The archaeological landscapes of the Konya Plain are proving invaluable in our understanding of the formation, maintenance and collapse of the earliest states on the Anatolian Peninsula. One of the most compelling data sets include the network of fortified hilltops identified initially in the surveys of Hasan Bahar, with additional sites found by KRASP (figure 1). While the fortification walls are in most cases dateable to the late 1st millennium BC, many of these sites have ceramic assemblages that point to earlier use and occupation during the Iron and Bronze Ages. Indeed several hilltop sites yield clear ceramic evidence that indicates their occupation during the early-mid 3rd millennium BCE. This defensive network strongly suggests a strategy to control strategic access points into the Konya Plain, hinting at a process of territorial state formation that reached a mature stage already in the early 2nd millennium BC.

In the 2019 field season we initiated a programme of digital architectural recording of several forts with drone photogrammetry. Seçme Kalesi in particular proved to be the largest pre-Hellenistic fortress in the region (ca 290x115m in size), and its fortification is clearly dateable to the Middle Iron Age (9th-7th century BCE). Drone photogrammetry has allowed to document in great detail the main structure (figure 2), composed of a fortification wall, a 3-6m wide external glacis, a single gate in the north-east, and numerous buildings inside. Intensive survey has further provided detailed information about the dates for the occupation of the fort, almost continuously used between the Middle Bronze Age and the Roman period.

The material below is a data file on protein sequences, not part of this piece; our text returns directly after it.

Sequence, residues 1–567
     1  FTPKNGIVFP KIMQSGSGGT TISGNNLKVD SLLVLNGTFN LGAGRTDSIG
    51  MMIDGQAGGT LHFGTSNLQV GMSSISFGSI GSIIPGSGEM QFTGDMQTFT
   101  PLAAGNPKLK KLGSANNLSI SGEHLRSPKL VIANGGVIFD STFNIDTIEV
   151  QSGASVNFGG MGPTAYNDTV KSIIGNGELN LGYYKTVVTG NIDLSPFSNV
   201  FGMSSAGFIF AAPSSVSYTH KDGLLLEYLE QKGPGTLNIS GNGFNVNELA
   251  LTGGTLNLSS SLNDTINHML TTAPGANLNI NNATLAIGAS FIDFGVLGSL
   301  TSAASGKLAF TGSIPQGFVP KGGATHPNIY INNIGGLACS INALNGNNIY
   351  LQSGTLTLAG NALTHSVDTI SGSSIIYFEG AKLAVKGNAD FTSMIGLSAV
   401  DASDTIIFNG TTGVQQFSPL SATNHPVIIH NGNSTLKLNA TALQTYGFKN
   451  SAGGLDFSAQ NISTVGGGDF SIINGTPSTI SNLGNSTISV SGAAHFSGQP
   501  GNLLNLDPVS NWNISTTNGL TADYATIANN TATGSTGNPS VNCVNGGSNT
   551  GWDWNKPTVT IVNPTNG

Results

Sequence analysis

Combining archaeological and textual evidence, we are bringing forward the hypothesis that the region was a core component of the kingdom of Tarhuntašša, an antagonist of the Hittite Empire during the 13th and early 12th century BCE (figure 3). While there is an intense scholarly debate around the location of its capital, we sugges that this might be located at Türkmen-Karahöyük, which is by far the largest centre in the region at the time.

In 2019, the discovery of a Hieroglyphic Luwian inscription at Türkmen-Karahöyük further provided exciting new data, strongly suggesting that the site may have also been the hitherto unknown capital of an Iron Age king called Hartapu. The philological analysis of the new text, conducted by Petra Goedegebuure and Theo van den Hout (Oriental Institute), provisionally dates it to the 8th century BCE. In the inscription, Hartapu claims to have conquered Muška, provisionally identified with the Iron Age kingdom of Phrygia, as well as a coalition of thirteen kings that we suggest may have been part of the Tabal confederation.

King Hartapu is known from other similar inscriptions in the region (notably at nearby Kızıldağ and Karadağ), and at least in one case he seems to have made similar claims of conquest. If his claims are correct, he would have been one of the major players in southern-central Anatolia, but currently none of the other dozens of inscriptions commissioned by other contemporary kings ever mention his name.